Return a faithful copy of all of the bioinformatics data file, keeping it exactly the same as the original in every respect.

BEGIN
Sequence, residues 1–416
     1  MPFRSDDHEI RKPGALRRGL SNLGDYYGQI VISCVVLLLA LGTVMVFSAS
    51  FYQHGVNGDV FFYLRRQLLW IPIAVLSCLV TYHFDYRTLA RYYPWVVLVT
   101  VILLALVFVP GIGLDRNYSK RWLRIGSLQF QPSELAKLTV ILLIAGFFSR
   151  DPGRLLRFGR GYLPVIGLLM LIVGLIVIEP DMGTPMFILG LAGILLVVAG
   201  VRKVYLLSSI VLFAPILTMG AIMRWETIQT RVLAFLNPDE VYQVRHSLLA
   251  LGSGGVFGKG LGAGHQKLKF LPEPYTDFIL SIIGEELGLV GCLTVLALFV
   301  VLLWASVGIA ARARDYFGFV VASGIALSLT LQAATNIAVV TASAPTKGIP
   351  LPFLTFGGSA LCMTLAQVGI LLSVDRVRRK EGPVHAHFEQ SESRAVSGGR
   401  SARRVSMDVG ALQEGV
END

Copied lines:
Sequence, residues 1–416
     1  MPFRSDDHEI RKPGALRRGL SNLGDYYGQI VISCVVLLLA LGTVMVFSAS
    51  FYQHGVNGDV FFYLRRQLLW IPIAVLSCLV TYHFDYRTLA RYYPWVVLVT
   101  VILLALVFVP GIGLDRNYSK RWLRIGSLQF QPSELAKLTV ILLIAGFFSR
   151  DPGRLLRFGR GYLPVIGLLM LIVGLIVIEP DMGTPMFILG LAGILLVVAG
   201  VRKVYLLSSI VLFAPILTMG AIMRWETIQT RVLAFLNPDE VYQVRHSLLA
   251  LGSGGVFGKG LGAGHQKLKF LPEPYTDFIL SIIGEELGLV GCLTVLALFV
   301  VLLWASVGIA ARARDYFGFV VASGIALSLT LQAATNIAVV TASAPTKGIP
   351  LPFLTFGGSA LCMTLAQVGI LLSVDRVRRK EGPVHAHFEQ SESRAVSGGR
   401  SARRVSMDVG ALQEGV